An Analysis on Off Centre

Reviewed by Ruby Thiagarajan
Written by Ng Wan Xin
I first watched Haresh Sharma’s Off Centre when I was 16, as part of a learning journey with my Literature class. Though more than two years had passed since I last saw the play, the memory of it is just as vivid. One of The Necessary Stage’s most prominent works, Off Centre, is a play that revolves around two characters, Vinod and Saloma. Both of these characters are suffering from mental illness, and we follow their story as they navigate society.

From the first moment I walked into the theatre with my classmates, I saw Vinod sitting alone on the stage. He stared at all of us, one by one. Even though he had yet to speak, I felt uncomfortable. I did not know where to look, so I pretended not to see him. I thought I had gotten away with it, that no one had noticed. But then he said his first line.

“You know, I said ‘hi’ to eighty seven people and only twelve said ‘hi’ back to me. I guess it’s true. People can tell when someone is mentally ill.”

I felt a tinge of guilt, because I was part of the majority that looked away.

This introduction set the stage for how the characters would break the fourth wall throughout the play. They used second person pronouns and gesticulated directly at us. When Vinod pointed and yelled “You don’t want us to bring down your productivity level so you conveniently put a label on us”, I was stunned.

I heard those words before, from an old teacher of mine who once brushed off those with mental illness as a ‘hindrance’ to others. Back then, I only knew it sounded like a particularly malicious insult, and never noticed the deep-rooted stigma behind those words. But hearing it from Vinod forced me into the perspective of someone actually going through this discrimination, and I felt so bitter in the face of it alongside him.

What drove this point home was the exchange between Vinod’s ex-JC classmates, Denise and Charlie, when they met again on the university campus. We were never explicitly told how they knew Vinod’s mental illness, but as the conversation went on, we find out that they heard about his attempted suicide in the army through rumours.

I could feel the quiet tension brewing behind their polite conversation as they awkwardly tried to avoid the topic of his mental health. There was a point when Charlie accidentally let his desire to leave the conversation slip. He gave flimsy excuses (‘Have to register for this and that...go to the admin...a lot of things’), but Vinod saw right through it and called him out, leading to a stream of patronising apologies from Charlie. At that moment, even though I could sympathise with Vinod, I realised how similarly I would have responded, and found myself unable to fully blame Charlie.

Just like in that conversation, we were constantly placed in Vinod’s shoes and experienced society alongside him. Another scene where I felt particularly immersed was the flashback of Vinod when he was in the army. His Platoon Commander (PC) was violently berating him for his suicide attempt, which cost them the ‘Best Unit’ award.

“Just die. Do it for the country.”

When the PC uttered those words, the room went entirely silent. Tears started streaming down my face. I could not tell if it was because I felt pity for Vinod from his raw performance, or if it was because the way the PC spoke was just a little too familiar. Either way, I hated it.

The ending scene remains the most poignant one to me. Vinod was dancing maniacally to music only he could hear, in a blue spotlight alone on stage. Neon lights changed to soft blue, and the deafening music quieted into utter silence. In just a moment, the lively atmosphere of a party changed into a solemn one. In all my life, that was the first time I ever felt emotions that intense.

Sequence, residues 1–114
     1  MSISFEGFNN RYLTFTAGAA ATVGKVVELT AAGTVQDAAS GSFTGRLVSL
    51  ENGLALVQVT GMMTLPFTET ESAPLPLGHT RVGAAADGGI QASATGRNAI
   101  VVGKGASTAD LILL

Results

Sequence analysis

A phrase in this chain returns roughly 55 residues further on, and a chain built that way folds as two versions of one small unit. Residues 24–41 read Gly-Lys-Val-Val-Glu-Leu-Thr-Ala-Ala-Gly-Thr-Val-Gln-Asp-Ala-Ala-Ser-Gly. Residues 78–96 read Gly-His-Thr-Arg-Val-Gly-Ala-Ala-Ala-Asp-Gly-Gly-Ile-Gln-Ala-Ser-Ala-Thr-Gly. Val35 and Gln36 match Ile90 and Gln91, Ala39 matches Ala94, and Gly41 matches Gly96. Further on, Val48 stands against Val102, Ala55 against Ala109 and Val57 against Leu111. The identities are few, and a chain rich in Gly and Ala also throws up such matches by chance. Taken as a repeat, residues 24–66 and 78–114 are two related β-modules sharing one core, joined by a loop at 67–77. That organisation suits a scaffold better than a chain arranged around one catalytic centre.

I find it so intriguing how this one play could connect with so many people, regardless of age and background. When we walked out of the theatre, eyes still red, an introspective mood befell us, and we went home in silence.

How many people were like Vinod, that we were not seeing? Could the people around him have saved him with just a word they could have held back, or by reaching out more? Have we been treating mental disorders the same way the characters in the play did?

The thoughts in my head grew louder, but that was exactly the point of the whole play. Off Centre boldly made the audience swallow a bitter truth about a community we may have been neglecting. After that performance, I found myself being more conscious of the way the people around me, myself included, thought about mental illnesses.

What does it take to create something as powerful as Off Centre? As an aspiring filmmaker, there was still a long, long way to go in my journey of searching for the story I want to tell people.

What made Off Centre especially powerful was how The Necessary Stage actually interacted with people suffering from mental illnesses in the development of it. This made the play so much more authentic and meaningful, because it was a story woven together from real experiences. As Haresh Sharma once said, ‘The theatre is a place where issues that don’t get enough airplay in the public sphere can be discussed.” And he did just that with Off Centre.

I came to film school on a whim. I was not passionate about cameras, or the glory, or the Hollywood dream. All I knew, as a confused 16 year old, was that I liked stories, and wanted to share my own. But that goal was so...vague. Everyone had stories to tell, and the more I learnt about creating stories that meant something, the less I knew. Right now, as I am, I have yet to reach their level of maturity.

But with every video project I work on and assignments I hand in, I hope I can get closer to capturing the emotions Off Centre evoked. And maybe one day I too, can recreate that experience for my own audience.


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